A current transformer (CT) is a type of transformer that is used to measure alternating current (AC). It produces a current in its secondary which is proportional to the current in its primary.
Current transformers, along with voltage or potential transformers, are instrument transformers. Instrument transformers scale the large values of voltage or current to small, standardised values that are easy to handle for instruments and protective relays.
The instrument transformers isolate measurement or protection circuits from the high voltage of the primary system. A current transformer provides a secondary current that is accurately proportional to the current flowing in its primary. The current transformer presents a negligible load to the primary circuit.
Current transformers are the current-sensing units of the power system and are used at generating stations, electrical substations, and in industrial and commercial electric power distribution.
Basic Operation :
The alternating current in the primary produces an alternating magnetic field in the core, which then induces an alternating current in the secondary. The primary circuit is largely unaffected by the insertion of the CT. Accurate current transformers need close coupling between the primary and secondary to ensure that the secondary current is proportional to the primary current over a wide current range. The current in the secondary is the current in the primary (assuming a single turn primary) divided by the number of turns of the secondary. In the illustration on the right, 'I' is the current in the primary, 'B' is the magnetic field, 'N' is the number of turns on the secondary, and 'A' is an AC ammeter.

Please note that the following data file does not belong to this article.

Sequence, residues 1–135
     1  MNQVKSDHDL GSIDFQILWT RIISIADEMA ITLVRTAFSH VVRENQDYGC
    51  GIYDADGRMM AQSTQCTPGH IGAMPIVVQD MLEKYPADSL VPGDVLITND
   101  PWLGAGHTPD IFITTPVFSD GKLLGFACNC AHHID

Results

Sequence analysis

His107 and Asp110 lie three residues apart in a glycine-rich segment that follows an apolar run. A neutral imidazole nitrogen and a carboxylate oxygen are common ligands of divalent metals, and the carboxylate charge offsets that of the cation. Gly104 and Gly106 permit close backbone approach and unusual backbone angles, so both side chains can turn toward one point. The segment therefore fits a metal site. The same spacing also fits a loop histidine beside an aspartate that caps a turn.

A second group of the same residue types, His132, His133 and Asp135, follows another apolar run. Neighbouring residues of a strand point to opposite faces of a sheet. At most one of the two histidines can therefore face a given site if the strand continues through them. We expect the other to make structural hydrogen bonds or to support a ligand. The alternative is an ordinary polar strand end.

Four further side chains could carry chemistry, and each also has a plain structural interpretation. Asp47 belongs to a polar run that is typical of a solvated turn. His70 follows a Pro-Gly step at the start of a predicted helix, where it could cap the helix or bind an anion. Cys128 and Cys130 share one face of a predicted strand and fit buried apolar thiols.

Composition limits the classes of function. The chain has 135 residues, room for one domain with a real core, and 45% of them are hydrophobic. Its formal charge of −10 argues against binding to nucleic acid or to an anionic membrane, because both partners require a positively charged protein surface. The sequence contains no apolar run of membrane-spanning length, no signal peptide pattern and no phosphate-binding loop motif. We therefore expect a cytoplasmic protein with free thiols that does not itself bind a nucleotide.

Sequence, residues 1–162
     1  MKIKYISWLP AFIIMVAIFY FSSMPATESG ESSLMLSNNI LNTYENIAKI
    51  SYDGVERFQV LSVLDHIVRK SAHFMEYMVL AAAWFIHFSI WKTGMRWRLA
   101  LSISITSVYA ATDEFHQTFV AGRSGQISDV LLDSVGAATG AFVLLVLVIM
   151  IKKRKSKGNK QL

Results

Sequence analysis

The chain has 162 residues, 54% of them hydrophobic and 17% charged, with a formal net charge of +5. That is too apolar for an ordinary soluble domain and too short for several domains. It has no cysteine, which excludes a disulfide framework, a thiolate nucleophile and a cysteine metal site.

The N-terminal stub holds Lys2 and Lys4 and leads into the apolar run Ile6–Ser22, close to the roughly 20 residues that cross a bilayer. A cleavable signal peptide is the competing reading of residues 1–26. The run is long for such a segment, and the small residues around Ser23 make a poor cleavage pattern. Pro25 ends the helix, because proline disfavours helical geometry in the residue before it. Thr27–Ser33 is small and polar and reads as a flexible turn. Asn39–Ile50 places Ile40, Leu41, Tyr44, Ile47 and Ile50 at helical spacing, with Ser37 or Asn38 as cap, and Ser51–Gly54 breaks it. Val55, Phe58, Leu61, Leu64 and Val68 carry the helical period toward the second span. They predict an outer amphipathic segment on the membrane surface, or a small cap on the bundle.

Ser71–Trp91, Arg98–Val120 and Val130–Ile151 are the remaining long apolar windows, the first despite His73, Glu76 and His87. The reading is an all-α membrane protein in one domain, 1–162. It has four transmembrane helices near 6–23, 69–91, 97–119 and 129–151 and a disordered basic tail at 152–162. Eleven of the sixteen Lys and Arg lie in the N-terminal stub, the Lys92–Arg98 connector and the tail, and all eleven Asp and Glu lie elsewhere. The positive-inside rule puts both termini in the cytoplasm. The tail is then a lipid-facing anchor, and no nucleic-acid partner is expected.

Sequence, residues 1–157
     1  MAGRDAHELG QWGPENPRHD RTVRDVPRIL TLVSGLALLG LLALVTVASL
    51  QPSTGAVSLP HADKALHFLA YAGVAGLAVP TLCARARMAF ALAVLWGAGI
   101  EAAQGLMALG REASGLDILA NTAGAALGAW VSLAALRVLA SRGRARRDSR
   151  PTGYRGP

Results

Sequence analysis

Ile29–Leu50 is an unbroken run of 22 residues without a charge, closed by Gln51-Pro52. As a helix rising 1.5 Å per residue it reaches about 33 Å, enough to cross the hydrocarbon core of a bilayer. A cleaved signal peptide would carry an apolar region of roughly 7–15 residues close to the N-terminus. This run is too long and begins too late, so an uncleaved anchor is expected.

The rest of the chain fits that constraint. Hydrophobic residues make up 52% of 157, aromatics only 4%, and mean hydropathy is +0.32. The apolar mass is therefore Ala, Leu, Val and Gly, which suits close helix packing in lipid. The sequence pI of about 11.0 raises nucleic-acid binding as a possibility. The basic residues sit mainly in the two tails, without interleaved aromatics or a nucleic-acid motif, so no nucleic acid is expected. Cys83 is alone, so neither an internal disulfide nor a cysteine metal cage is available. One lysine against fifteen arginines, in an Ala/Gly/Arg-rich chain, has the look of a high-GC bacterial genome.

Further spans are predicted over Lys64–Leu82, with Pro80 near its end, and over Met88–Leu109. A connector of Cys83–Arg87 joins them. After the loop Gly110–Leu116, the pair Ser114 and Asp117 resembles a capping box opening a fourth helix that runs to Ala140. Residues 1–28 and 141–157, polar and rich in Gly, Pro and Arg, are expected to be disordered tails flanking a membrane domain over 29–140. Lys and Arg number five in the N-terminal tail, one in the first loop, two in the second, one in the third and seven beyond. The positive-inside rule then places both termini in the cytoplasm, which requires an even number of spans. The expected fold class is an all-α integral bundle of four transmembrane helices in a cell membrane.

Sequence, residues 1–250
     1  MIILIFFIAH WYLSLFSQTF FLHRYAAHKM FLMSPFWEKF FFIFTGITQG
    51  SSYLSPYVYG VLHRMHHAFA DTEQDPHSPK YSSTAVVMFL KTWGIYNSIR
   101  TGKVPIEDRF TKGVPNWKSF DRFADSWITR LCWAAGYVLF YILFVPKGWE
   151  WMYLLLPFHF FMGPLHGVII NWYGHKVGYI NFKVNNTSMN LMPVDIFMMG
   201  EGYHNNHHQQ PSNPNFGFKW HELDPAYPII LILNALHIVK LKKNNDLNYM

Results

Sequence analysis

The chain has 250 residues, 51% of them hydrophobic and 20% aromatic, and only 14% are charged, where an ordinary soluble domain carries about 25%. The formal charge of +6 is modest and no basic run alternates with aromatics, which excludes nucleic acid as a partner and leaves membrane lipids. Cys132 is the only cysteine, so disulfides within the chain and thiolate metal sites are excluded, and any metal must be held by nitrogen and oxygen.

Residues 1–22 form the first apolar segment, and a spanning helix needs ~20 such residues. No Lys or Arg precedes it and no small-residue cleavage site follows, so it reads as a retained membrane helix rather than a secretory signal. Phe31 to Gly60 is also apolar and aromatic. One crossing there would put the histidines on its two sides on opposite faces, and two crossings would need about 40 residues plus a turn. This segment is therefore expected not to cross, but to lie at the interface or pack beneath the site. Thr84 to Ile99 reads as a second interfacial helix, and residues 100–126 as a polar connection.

Current transformers typically consist of a silicon steel ring core wound with many turns of copper wire as shown in the illustration to the right. The conductor carrying the primary current is passed through the ring. The CT's primary, therefore, consists of a single 'turn'. The primary 'winding' may be a permanent part of the current transformer, i.e. a heavy copper bar to carry current through the core. Window-type current transformers are also common, which can have circuit cables run through the middle of an opening in the core to provide a single-turn primary winding. To assist accuracy, the primary conductor should be centered in the aperture.
Thumb Rules & Nomenclature of CT:
Ratio: input / output current ratio
Burden (VA): total burden including pilot wires. (2.5, 5, 10, 15 and 30VA.)
Class: Accuracy required for operation (Metering: 0.2, 0.5, 1 or 3, Protection: 5, 10, 15, 20, 30).
Accuracy Limit Factor:
Nomenclature of CT: Ratio, VA Burden, Accuracy Class, Accuracy Limit Factor.Example: 1600/5, 15VA 5P10 (Ratio: 1600/5, Burden: 15VA, Accuracy Class: 5P, ALF: 10)
As per IEEE Metering CT: 0.3B0.1 rated Metering CT is accurate to 0.3 percent if the connected secondary burden if impedance does not exceed 0.1 ohms.
As per IEEE Relaying (Protection) CT: 2.5C100 Relaying CT is accurate within 2.5 percent if the secondary burden is less than 1.0 ohm (100 volts/100A).